a small Spanish or Portuguese sailing vessel of the Middle Ages and later, usually lateen-rigged on two or three masts.
A charter city is a city in which the governing system is defined by the city’s own charter document rather than by state, provincial, regional or national laws.
a sovereign state consisting of an autonomous city with its dependencies.
coerced labor systems
forced labor: indentured slaves, serfs, slaves.
A conqueror, especially one of the 16th-century Spanish soldiers who defeated the Indian civilizations of Mexico, Central America, or Peru.
A group or class of persons or a member of such a group or class, enjoying superior intellectual, social, or economic status.
a group of nations or peoples ruled over by an emperor, empress, or other powerful sovereign or government.
any infectious disease that develops and spreads rapidly to many people.
to stop communicating with a person or peoples.
of, pertaining to, or like the feudal system, or its political, military, social, and economic structure.
noting or having the relation of a child to a parent.
the body of doctrine, myth, belief, etc., that guides an individual, social movement, institution, class, or large group.
of, like, or pertaining to an empire.
joint- stock companies
partnership between two companies.
group of people related by blood or marriage.
to release from slavery or slavitude.
economic theory that stressed governments’ promotion of limitation of imports from other nations.
a person sent by a church to spread their religion and help others.
life, system, condition having to do with monasteries.
the belief that there is only one god.
noble class or body of nobles in a country.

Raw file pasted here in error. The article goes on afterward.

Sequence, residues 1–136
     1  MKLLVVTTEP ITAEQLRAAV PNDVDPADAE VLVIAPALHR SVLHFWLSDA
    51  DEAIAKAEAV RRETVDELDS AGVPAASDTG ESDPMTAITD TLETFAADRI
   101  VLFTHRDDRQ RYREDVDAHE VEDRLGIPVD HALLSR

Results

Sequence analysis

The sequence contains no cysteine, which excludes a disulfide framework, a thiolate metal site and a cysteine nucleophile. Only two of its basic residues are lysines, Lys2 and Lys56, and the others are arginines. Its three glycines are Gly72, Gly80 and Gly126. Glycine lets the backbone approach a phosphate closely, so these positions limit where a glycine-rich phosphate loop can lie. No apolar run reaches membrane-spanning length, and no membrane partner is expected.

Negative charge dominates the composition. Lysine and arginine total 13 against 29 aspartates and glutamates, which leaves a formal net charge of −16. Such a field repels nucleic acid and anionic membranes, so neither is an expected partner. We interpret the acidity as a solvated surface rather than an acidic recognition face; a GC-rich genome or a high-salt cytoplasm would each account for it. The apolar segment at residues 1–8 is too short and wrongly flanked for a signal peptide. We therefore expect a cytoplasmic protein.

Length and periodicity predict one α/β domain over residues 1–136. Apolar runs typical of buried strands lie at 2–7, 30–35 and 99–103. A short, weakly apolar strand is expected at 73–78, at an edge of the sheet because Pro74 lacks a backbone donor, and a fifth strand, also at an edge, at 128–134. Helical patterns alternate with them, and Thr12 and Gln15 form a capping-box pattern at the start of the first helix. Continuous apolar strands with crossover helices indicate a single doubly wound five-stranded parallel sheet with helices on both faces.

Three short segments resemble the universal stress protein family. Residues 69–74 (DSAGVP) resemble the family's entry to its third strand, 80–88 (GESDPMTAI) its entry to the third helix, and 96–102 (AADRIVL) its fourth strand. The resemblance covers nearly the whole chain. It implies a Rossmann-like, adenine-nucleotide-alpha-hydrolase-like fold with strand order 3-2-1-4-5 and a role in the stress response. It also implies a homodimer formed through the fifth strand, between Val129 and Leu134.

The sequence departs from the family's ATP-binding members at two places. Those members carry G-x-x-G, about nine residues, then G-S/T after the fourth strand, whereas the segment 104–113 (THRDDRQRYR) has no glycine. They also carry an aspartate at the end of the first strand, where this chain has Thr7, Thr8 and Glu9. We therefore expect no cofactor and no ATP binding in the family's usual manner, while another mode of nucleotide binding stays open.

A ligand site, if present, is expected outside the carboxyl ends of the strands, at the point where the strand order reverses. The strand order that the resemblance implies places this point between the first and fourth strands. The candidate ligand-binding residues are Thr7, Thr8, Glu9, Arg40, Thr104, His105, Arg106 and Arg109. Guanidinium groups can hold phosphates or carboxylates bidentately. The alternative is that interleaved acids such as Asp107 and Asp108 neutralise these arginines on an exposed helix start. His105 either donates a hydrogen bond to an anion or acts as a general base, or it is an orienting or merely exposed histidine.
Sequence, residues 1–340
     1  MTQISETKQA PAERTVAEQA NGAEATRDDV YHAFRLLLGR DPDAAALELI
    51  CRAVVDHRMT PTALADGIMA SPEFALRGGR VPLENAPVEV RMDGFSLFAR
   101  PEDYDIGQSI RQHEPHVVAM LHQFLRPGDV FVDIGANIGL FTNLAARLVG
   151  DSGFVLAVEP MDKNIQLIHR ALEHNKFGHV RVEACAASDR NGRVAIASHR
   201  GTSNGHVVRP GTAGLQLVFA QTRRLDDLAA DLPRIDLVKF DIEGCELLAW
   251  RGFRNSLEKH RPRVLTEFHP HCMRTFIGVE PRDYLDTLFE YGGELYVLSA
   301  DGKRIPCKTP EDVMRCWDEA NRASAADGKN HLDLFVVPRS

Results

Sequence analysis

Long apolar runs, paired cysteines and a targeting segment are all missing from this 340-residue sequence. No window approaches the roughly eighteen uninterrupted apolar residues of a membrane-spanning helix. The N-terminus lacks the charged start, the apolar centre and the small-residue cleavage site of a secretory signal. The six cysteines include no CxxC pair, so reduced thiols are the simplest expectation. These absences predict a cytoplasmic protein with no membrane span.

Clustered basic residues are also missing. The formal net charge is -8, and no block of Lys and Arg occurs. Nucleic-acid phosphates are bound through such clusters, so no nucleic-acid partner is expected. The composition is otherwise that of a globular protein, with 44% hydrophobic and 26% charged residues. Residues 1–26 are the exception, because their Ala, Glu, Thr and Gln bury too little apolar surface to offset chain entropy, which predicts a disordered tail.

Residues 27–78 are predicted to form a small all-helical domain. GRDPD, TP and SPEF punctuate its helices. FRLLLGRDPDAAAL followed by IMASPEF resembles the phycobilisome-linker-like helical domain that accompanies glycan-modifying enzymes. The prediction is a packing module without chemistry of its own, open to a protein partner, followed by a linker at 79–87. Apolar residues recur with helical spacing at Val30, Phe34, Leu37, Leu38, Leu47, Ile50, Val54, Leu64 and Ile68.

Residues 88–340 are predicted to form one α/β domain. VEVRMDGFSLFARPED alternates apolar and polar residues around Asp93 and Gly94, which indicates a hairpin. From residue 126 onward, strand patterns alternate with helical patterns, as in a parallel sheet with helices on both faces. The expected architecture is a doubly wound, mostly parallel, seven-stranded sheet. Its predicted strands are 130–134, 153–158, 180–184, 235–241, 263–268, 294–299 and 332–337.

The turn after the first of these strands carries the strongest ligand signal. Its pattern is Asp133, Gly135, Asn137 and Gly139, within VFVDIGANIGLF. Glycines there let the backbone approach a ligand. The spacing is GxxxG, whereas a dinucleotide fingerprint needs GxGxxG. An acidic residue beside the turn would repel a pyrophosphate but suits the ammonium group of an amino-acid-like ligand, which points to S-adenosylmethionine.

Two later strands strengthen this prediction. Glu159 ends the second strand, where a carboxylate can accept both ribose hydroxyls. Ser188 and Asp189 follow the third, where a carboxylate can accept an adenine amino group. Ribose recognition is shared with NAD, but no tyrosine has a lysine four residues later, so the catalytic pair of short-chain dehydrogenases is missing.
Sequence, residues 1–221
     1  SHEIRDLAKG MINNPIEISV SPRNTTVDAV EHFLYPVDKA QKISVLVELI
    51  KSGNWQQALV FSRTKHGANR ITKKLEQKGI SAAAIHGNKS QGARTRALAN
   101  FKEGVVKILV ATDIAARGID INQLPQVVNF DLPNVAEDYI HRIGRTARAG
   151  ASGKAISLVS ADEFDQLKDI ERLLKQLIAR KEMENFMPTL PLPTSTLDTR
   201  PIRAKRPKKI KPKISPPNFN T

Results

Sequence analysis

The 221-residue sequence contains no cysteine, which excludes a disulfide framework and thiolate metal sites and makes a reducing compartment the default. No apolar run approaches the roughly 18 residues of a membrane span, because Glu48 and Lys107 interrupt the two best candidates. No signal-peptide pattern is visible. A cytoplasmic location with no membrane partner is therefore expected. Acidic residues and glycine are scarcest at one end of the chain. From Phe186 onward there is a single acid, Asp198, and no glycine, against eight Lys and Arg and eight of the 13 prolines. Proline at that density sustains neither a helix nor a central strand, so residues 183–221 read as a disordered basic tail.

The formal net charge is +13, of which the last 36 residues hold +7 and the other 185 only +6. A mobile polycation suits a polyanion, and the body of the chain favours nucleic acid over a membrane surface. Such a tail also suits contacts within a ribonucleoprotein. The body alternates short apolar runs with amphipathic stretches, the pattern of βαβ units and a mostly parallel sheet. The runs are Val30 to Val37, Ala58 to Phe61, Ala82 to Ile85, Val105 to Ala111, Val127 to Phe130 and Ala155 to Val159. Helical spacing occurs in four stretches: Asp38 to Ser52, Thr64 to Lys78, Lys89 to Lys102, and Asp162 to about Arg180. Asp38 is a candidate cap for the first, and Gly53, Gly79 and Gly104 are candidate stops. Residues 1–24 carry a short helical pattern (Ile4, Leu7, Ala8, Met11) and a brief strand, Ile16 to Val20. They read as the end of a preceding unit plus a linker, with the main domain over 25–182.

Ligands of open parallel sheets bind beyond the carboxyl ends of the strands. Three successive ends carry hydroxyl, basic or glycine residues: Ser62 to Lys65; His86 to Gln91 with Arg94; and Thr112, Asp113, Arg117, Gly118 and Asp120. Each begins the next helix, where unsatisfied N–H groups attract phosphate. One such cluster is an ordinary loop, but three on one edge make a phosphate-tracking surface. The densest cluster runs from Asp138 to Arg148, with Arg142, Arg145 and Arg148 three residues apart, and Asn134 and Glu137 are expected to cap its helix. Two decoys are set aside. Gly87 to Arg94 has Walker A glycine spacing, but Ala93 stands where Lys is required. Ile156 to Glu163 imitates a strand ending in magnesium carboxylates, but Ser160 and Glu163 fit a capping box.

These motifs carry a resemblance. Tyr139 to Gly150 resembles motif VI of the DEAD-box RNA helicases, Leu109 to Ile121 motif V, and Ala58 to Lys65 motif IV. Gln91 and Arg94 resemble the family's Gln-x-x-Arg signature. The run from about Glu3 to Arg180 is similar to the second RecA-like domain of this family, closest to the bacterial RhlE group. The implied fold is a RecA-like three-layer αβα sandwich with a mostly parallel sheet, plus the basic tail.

a women member of a religious order.
a form of social organization in which the father is the supreme authority in the family, clan, or tribe and descent is reckoned in the male line.
a person who travels to a foreign or holy place for their religion.
the belief that there is more than one god.
a person whose office is to perform religious rights.
any Western Christian who is not an adherent of a Catholic, Anglican, or Eastern Church.
the activity, spirit, or time of the great revival of art, literature, and learning in Europe beginning in the 14th century and extending to the 17th century, marking the transition from the medieval to the modern world.
something regarded as possessing a sacred character or mysterious significance.
texts that a religion believes to be sacred or of central importance.
a formal division within, or separation from, a church or religious body over some doctrinal difference.
the condition of a slave.
the business or process of procuring, transporting, and selling slaves.
the hierarchical or vertical division of society according to rank, caste, or class.
taxing of certain imported goods by the government.
government income due to taxation.
the branch of knowledge that deals with the creation and use of technical means and their interrelation with life, society, and the environment.
the relocation of a large population of a particular people group from one place to another triggered by economics.
the goods that are being trading between people.
in the city.
the lending or practice of lending money at an exorbitant interest.